Surfactants, the first failure
Surfactants such as nonoxynol-9 or Savvy gel® were the first substances evaluated as microbicides. They act as a virucide by lowering the surface tension of the pathogen, resulting in the death of the microorganism before it comes into contact with the vaginal mucosa.20,21 However, the lack of effective protection for women highlighted by the studies led to the rapid rejection of the use of surfactants in microbicide formulations.20–23 This was not all; tests showed that not only is nonoxynol-9 ineffective in preventing HIV transmission, but also it increases the incidence of genital lesions such as vaginal ulcers, thus raising the risk of STIs.20,24
Screening of alternative substances: acidifiers, polyanions, monoclonal antibodies and entry inhibitors
After the failure of surfactants, new strategies to develop vaginal microbicides turned toward mechanisms that work by preventing the pathogen from entering the cells. The most basic formulations simply prevent contact between the surface of the vaginal mucosa and pathogens.
Carraguard® is a gel under research whose active ingredient is carrageenan, a sulfated linear polysaccharide extracted from seaweed. The microbicide was formulated as a gel to be applied to the vaginal mucosa in the hour prior to sexual intercourse.25 Studies have shown that its use is safe for women, and the associated side effects are mild and infrequent.26,27 This gel also proved its ability to reduce the risk of sexual transmission of human papillomavirus.28 However, Phase II trials failed to show efficacy in preventing HIV transmission.25,29,30 The use of the gel is currently being assessed as a carrier of an antiretroviral drug.25
Another mechanism designed to prevent the entry of pathogens into the cells was the use of acidifiers such as BufferGel®. This acidifier acts as a buffer and is capable of maintaining normal vaginal acidity in the presence of ejaculated semen. This microbicide is based on studies suggesting that an acidic environment could inhibit HIV.31 However, although studies on BufferGel have shown it to be safe, it has not demonstrated effectiveness in preventing HIV transmission.32,33
The lack of efficacy of these strategies prompted the search for a very diverse range of substances capable of interacting directly with the virus,34 from polyanions or monoclonal antibodies able to recognize the HIV and bind to it to antiretroviral drugs that act as fusion inhibitors, such as MVC.
One example of the gels tested as a means of blocking the pathogen is PRO 2000, whose active ingredient is the synthetic polymer naphthalene sulfonate. This is a negatively charged polyanion capable of interacting with the positive charges of viral gp120 to block virus entry into cells.35 It has proven antiviral activity against HIV-1 in vitro and in animal models, and a favorable risk profile.33,36,37 Nevertheless, although trials in women have demonstrated high adherence and safety, it has no demonstrated effectiveness in preventing sexual transmission of HIV.33,37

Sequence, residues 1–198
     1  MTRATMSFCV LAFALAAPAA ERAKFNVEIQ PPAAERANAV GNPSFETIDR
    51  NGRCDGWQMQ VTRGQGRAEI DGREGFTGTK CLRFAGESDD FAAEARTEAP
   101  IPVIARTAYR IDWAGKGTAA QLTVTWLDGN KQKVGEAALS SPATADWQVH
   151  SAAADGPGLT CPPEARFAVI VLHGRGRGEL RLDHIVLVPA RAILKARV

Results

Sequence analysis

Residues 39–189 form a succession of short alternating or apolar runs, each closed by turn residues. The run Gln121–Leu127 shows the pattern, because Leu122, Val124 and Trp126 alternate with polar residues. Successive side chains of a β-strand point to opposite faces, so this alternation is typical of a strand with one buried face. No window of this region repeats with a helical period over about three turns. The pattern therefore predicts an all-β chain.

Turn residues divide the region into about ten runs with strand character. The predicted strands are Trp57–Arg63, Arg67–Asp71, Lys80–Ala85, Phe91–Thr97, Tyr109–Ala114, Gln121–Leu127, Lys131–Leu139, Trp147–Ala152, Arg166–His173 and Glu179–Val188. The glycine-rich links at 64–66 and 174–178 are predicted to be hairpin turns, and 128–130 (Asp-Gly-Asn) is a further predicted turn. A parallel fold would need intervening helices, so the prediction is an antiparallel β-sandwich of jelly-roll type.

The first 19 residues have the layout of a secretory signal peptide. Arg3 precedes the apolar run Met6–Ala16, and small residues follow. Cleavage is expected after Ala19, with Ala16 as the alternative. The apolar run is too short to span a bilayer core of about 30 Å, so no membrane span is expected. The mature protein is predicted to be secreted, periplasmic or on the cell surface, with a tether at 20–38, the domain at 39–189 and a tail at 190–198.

VivaGel® is another polyanion currently under study, whose active ingredient is SPL7013, a dendrimer expressly created using nanotechnology to show antiviral activity against HIV,38 and is formulated in a mucoadhesive carbopol gel.39 It has shown antiviral activity against HIV in the presence of seminal plasma,40 as well as in animal models,38,41 along with good tolerance in animals and humans.38,42–44 However, subsequent clinical trials revealed adverse effects associated with this formulation, leading to its rejection on the grounds of being unsafe for continued use in women.45,46
A further study confirmed the inefficacy of polyanions in clinical trials despite their in vitro efficacy. This ineffectiveness was due to the formation of a semen-derived enhancer of virus infection, which promoted HIV infection in the presence of semen.47,48 Although Sonza et al reported that this enhancement effect is not applicable to all polyanions,49 it highlighted the importance of performing the effectiveness tests in the presence of semen.
Some microbicidal formulations also include gp120-neutralizing monoclonal antibodies, which recognize and bind to the viral gp120, thus preventing the virus from binding to CD4+ T lymphocytes. Examples include vitamin B12 and the monoclonal antibodies 2G12 and PRO-140.50–53